Brazendale, Ellen (1775-1837)

MEMOIR OF ELLEN BRAZENDALE

(Late of Lymm – Partington Branch – Preston Brook circuit)

E. Brazendale was born in the year 1775, and continued a stranger to God till the year 1825; about which time the P. Methodists visited Lymm, and by the blessing of Almighty God, their labours were crowned with success.

Ellen, with a number more, went to hear; and the word was attended with Divine power.  She was convinced of sin, and made sensible that without a change of heart, she must perish eternally.  She sought the Lord in private and public; and in a few days he pardoned her sins, and she was enabled to rejoice in God her Saviour.

From this time to her death, her conduct was praiseworthy, and her character unblameable: her chief aim being to make her calling and election sure.

Her trials were great; her husband was taken from her by an unexpected stroke, and she was left with a large family, with but little prospect of supporting them.  But He, who has said, “Thy bread shall be given, and thy water shall be sure,” was her strength and shield, and provided for her and her family.

Her attendance on the means of grace was punctual; and her class-mates could say of her, “Behold an Israelite indeed, in whom is no guile.”

Towards the close of life, through much bodily affliction, she was at times deprived of her reason.  Yet when it returned, she immediately ascribed thanksgiving to the Most High, and was exceedingly happy.

The rest which remains for the people of God, afforded her great consolation.

The last lovefeast she attended at Lymm, her soul was truly alive, and she clearly testified of her interest in the blood of Christ.  She spoke as though she had some presentiment of her latter end.

The sabbath previous to her leaving the world, being appointed at Lymm, I went to see her, and found her much afflicted.  On asking the state of her mind, she said, “Glory be to God, I am bound for the kingdom; I shall soon be in glory; I am waiting for my Jesus: my soul’s full of glory.  Glory be to God, I have no doubt of my acceptance, for I know I shall go to heaven.”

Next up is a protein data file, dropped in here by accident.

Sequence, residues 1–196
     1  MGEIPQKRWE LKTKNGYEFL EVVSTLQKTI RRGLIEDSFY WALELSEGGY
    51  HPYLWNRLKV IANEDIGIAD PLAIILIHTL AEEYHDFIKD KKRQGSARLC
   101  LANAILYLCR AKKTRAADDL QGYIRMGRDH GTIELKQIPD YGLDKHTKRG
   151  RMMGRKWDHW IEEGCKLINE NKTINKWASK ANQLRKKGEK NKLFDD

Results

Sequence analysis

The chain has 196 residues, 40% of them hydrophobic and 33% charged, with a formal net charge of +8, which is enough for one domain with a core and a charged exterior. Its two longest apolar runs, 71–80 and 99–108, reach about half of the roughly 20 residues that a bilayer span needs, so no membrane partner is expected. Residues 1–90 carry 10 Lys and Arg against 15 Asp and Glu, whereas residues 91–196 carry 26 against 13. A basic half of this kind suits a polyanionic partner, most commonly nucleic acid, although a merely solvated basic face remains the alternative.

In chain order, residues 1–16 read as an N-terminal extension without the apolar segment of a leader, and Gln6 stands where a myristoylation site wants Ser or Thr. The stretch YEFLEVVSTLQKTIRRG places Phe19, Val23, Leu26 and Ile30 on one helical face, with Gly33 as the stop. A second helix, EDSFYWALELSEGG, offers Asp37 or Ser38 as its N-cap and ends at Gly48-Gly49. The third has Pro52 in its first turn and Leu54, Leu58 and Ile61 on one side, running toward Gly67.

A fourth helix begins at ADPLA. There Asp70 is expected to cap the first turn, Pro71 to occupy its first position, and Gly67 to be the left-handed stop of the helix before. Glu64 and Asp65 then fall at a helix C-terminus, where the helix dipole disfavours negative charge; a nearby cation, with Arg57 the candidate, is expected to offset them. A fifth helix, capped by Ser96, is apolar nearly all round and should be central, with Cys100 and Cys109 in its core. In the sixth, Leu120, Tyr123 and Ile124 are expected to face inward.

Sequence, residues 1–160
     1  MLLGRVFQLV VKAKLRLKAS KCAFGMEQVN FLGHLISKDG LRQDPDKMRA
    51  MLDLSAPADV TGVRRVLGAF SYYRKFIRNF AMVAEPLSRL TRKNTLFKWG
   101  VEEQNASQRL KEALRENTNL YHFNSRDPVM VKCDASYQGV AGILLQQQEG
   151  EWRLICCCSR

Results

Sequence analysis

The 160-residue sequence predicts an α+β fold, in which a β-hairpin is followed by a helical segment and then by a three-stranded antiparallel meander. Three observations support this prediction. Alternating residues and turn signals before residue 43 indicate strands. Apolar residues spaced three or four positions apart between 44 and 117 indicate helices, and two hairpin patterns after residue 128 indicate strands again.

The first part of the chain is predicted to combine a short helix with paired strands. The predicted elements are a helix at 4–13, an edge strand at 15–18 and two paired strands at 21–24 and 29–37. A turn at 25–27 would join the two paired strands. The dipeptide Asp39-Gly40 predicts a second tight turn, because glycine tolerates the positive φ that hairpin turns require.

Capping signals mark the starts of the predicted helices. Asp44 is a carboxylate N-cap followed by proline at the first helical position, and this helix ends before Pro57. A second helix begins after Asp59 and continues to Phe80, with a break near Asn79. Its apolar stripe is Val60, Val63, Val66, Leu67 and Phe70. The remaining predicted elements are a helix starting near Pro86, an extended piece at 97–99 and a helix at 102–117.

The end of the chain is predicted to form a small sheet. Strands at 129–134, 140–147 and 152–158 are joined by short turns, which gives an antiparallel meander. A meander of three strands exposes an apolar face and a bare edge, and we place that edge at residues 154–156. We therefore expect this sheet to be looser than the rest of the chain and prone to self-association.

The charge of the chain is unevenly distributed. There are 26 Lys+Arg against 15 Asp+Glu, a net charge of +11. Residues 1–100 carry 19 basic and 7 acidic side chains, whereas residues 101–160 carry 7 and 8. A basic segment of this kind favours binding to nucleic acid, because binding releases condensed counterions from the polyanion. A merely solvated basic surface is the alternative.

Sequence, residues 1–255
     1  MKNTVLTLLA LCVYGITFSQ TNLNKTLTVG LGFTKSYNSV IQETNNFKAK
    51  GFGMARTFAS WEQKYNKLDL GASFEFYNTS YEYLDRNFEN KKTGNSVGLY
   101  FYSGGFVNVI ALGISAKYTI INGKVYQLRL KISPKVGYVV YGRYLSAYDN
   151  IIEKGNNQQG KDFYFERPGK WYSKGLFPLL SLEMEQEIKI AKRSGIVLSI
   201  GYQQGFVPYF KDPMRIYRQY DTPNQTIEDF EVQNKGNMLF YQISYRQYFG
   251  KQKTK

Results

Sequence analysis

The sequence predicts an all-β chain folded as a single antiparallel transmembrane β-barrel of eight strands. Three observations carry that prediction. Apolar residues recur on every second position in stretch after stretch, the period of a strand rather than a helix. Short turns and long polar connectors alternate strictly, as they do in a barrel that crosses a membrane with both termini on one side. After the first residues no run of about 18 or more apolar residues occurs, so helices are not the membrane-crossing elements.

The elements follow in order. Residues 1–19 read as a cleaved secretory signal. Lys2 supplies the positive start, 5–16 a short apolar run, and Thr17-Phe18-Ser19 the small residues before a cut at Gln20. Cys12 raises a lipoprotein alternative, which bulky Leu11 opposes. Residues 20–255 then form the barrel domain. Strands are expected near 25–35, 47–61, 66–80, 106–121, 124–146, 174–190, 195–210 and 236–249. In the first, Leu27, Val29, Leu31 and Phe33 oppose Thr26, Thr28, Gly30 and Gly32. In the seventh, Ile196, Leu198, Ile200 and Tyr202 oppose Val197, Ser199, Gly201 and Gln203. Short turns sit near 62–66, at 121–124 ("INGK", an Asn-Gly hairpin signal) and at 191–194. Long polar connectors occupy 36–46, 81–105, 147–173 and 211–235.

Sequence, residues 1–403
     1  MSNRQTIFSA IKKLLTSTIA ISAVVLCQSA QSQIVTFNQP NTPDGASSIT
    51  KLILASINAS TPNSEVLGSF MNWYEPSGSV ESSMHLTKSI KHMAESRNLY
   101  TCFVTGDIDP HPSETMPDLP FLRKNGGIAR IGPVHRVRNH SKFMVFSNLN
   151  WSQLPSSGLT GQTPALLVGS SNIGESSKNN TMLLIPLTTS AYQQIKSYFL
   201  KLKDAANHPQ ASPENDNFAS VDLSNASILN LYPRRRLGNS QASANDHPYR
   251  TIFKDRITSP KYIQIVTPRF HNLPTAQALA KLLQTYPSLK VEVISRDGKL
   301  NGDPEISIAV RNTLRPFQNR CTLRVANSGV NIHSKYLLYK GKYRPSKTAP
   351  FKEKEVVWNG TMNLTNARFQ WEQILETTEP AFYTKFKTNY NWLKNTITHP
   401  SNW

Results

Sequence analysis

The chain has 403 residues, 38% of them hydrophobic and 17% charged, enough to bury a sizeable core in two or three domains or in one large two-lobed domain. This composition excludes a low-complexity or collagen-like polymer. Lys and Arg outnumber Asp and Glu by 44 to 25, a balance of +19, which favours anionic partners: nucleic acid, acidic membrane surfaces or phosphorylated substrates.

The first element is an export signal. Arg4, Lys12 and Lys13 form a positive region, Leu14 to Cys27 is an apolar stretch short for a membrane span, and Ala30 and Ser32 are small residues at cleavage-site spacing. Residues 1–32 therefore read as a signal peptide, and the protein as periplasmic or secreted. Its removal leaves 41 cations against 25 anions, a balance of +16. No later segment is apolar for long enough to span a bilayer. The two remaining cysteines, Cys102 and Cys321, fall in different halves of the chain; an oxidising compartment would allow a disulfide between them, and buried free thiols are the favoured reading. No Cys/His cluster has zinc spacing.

I prayed with her; and then she prayed for her family, and commended them to Him, who she believed would bring them to the knowledge of himself. *

The day before she departed, one of the members visited her, and by her request sung the following hymn:—

“When I can read my title clear
To mansions in the skies;
I bid farewell to every fear,
And wipe my weeping eyes,” &c.

On Tuesday, January 10, 1837, she fell asleep in the arms of Jesus, in sure and certain hope of the resurrection to eternal life, aged sixty-two years.

According to her request, Bro. Knowles, a local preacher of Lymm, preached her funeral sermon to a crowded congregation, and I trust good was done.

John Lawley

(Approved by the Circuit Committee)

Since her death, two of her sons have been converted.

 

Primitive Methodist Magazine, 1838.  Page 24.

 

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